Who knew a 19th century Czech opera could be as riveting and edgy as anything you’re likely to catch on HBO? Thankfully, the Washington National Opera — under the astute direction of Placido Domingo — did. Every season they bring us an unexpected gem. This year it is the fresh and fascinating Jenufa.
Tragedy served hot: Racette
Emerging around the time of Puccini’s Madama Butterfly, this is the work of a far less celebrated composer, Leos Janacek. Though Janacek’s style is quite different from Puccini’s, his music is exquisitely emotional. He will tease out a sense of foreboding from a scene of village dancing or offer a lone violin to describe a single cry of despair. His music has a contemporary feel, holding glimpses of the movements yet to come, and yet it has the integrity and depth of the era in which it was written. The combination is pure magic, and conductor Jiri Belohlavek had the orchestra playing with the kind of energized clarity that let us savor every note.
Janacek is even more accessible as a storyteller. Thanks to director David Alden’s supreme understanding of the material, we are drawn post-haste into the love triangle between the young heroine Jenufa and her two stepbrothers, each of whom vies to possess her in his own way. Two mother-surrogates join the mix — the Kostelnicka, who worries for Jenufa’s future, and Grandmother Buryjovka, who makes it her business to excuse the failings of her grandsons. With this volatile ensemble, the hints of foreboding in the score, and Alden’s tight pacing, we are hooked.
Soprano Patricia Racette is brilliant in the title role. Her Jenufa is undeniably alive, exuding warmth, vulnerability, and then suffering with tremendous power and credibility. We feel we can reach out and touch this woman. Racette has total command of Janacek’s music, and she emotes with ease and beauty. Catherine Malfitano as the Kostelnicka succeeds mightily in keeping her character not only believable but fascinating. The Kostelnicka commits an unthinkable act against Jenufa and her newborn son and yet, considering her past and the crushing culture of the village, emerges as far more complex than a typical villain. Malfitano has a gorgeously rich soprano befitting this determined but tortured soul.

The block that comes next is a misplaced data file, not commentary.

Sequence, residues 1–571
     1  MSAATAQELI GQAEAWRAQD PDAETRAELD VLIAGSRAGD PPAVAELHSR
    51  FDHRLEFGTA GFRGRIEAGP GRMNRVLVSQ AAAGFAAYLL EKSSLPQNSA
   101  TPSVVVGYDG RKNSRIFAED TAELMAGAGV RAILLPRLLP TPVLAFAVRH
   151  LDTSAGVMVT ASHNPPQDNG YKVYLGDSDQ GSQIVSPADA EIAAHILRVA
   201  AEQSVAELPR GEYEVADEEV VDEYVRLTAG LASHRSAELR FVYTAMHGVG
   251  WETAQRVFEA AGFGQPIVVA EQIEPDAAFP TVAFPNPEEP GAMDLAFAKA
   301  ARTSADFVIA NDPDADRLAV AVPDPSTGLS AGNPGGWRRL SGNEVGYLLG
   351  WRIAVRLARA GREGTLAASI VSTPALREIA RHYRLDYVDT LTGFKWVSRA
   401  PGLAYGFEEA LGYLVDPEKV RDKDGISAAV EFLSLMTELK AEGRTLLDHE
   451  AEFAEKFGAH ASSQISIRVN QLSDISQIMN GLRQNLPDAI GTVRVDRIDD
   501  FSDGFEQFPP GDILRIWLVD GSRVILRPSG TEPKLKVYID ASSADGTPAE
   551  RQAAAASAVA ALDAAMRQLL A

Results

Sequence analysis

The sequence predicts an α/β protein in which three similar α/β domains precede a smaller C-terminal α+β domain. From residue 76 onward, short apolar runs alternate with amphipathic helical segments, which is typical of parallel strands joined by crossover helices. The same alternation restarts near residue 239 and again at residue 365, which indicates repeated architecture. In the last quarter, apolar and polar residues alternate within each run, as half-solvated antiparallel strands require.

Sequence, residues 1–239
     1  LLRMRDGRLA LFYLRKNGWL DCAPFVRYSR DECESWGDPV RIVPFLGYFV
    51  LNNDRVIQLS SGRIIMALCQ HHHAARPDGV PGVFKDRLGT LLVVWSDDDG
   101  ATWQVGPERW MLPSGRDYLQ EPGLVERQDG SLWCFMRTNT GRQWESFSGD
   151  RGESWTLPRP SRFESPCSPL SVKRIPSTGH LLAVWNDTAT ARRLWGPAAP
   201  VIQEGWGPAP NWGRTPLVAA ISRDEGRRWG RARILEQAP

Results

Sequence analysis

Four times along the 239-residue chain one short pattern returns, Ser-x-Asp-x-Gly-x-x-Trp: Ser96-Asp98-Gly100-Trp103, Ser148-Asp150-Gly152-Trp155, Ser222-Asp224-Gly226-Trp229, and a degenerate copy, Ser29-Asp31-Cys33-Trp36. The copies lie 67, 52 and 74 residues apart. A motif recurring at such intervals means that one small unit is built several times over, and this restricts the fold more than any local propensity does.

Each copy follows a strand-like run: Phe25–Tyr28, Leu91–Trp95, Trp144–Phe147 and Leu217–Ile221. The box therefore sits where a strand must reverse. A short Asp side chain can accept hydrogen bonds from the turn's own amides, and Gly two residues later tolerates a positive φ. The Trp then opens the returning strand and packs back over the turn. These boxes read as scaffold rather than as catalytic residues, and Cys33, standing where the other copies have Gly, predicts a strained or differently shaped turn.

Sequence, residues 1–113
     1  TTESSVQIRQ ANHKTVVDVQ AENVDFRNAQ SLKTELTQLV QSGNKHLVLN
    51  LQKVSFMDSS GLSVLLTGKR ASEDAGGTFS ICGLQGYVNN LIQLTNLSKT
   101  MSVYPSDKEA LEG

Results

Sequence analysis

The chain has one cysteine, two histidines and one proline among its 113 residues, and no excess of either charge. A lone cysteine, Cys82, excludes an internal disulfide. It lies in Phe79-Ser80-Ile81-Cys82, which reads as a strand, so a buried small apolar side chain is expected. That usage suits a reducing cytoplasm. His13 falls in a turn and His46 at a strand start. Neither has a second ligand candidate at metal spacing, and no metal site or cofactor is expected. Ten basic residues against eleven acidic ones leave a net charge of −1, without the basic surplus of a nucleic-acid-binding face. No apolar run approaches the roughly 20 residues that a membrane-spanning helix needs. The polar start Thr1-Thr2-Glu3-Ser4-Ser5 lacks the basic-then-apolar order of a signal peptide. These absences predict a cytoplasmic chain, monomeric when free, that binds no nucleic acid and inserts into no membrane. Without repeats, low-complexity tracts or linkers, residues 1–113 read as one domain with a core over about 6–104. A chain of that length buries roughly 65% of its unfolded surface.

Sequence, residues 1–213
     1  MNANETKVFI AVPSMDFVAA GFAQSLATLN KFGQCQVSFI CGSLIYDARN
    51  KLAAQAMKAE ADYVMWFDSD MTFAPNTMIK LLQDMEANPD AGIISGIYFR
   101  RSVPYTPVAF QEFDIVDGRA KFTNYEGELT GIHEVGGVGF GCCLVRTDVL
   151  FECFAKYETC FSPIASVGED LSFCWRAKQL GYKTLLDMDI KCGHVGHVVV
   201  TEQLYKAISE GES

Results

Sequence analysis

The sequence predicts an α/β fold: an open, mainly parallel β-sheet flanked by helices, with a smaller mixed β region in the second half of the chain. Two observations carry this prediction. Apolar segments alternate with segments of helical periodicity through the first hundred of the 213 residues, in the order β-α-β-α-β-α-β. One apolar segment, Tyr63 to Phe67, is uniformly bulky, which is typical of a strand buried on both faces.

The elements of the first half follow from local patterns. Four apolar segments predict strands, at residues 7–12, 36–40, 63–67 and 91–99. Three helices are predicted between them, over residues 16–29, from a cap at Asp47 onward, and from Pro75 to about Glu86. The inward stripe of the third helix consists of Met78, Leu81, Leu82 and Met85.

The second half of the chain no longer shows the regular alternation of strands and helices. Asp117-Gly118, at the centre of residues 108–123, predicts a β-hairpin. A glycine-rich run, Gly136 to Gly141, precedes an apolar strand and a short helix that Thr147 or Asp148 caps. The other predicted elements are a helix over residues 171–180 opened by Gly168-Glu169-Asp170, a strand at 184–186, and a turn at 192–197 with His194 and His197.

Raymond Very sings the womanizing brother Steva, who very convincingly holds Janufa in his spell. He is a pleasurable tenor and an excellent actor. Kim Begley as his repressed and (arguably) twisted stepbrother, Laca, is a reedier tenor, a sound that matches, in a sense, his character. Judith Christin as the Grandmother rounds out the cast with a memorable persona — insidious in coke-bottle glasses. Mention must also be made of Jeffrey Wells as the Foreman, a smaller role he makes extremely compelling.
May 10, 13, 16, 19, 21 and 24
Alden and choreographer Claire Glaskin make the most of the nightmarishly slanted stage, bringing the principals in and out of the choral groupings with creativity. Steva’s entrance among the town rowdies where he moves among them and then rolls downstage first with a floozy and then with Jenufa is a marvelous piece of theater. By the time Steva falls still, we know all there is to know about the man. The lighting from original and revival designers Adam Silverman and Jon Clark is also remarkable against this tilted set, especially in the shadowplay of the Kostelnicka, reminiscent of a fairy-tale witch.
Though Jenufa is one of the most well-known Czech operas, it is unlikely to be a staple in many repertoires. Yet a production such as this, with an intuitive director and a fine cast, is musical storytelling at its best. Catch it if you can.